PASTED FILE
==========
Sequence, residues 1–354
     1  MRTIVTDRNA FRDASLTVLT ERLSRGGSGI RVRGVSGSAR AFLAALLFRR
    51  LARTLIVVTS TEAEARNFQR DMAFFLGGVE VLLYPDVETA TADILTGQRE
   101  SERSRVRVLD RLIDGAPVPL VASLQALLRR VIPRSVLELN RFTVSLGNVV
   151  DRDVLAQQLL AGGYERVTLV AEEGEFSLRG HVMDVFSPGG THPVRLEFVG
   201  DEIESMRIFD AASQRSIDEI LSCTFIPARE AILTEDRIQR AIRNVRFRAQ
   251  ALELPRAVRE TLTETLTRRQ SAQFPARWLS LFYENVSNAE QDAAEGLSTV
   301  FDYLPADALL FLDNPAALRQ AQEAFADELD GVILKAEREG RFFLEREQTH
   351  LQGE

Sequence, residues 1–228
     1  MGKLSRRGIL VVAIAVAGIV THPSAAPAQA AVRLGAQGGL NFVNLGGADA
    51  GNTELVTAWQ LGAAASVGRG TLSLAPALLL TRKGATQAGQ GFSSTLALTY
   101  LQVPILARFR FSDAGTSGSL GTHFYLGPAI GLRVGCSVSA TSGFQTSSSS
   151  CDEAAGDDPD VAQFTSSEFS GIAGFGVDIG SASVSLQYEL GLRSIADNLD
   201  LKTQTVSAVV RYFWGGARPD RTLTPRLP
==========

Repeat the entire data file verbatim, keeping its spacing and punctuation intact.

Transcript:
Sequence, residues 1–354
     1  MRTIVTDRNA FRDASLTVLT ERLSRGGSGI RVRGVSGSAR AFLAALLFRR
    51  LARTLIVVTS TEAEARNFQR DMAFFLGGVE VLLYPDVETA TADILTGQRE
   101  SERSRVRVLD RLIDGAPVPL VASLQALLRR VIPRSVLELN RFTVSLGNVV
   151  DRDVLAQQLL AGGYERVTLV AEEGEFSLRG HVMDVFSPGG THPVRLEFVG
   201  DEIESMRIFD AASQRSIDEI LSCTFIPARE AILTEDRIQR AIRNVRFRAQ
   251  ALELPRAVRE TLTETLTRRQ SAQFPARWLS LFYENVSNAE QDAAEGLSTV
   301  FDYLPADALL FLDNPAALRQ AQEAFADELD GVILKAEREG RFFLEREQTH
   351  LQGE

Sequence, residues 1–228
     1  MGKLSRRGIL VVAIAVAGIV THPSAAPAQA AVRLGAQGGL NFVNLGGADA
    51  GNTELVTAWQ LGAAASVGRG TLSLAPALLL TRKGATQAGQ GFSSTLALTY
   101  LQVPILARFR FSDAGTSGSL GTHFYLGPAI GLRVGCSVSA TSGFQTSSSS
   151  CDEAAGDDPD VAQFTSSEFS GIAGFGVDIG SASVSLQYEL GLRSIADNLD
   201  LKTQTVSAVV RYFWGGARPD RTLTPRLP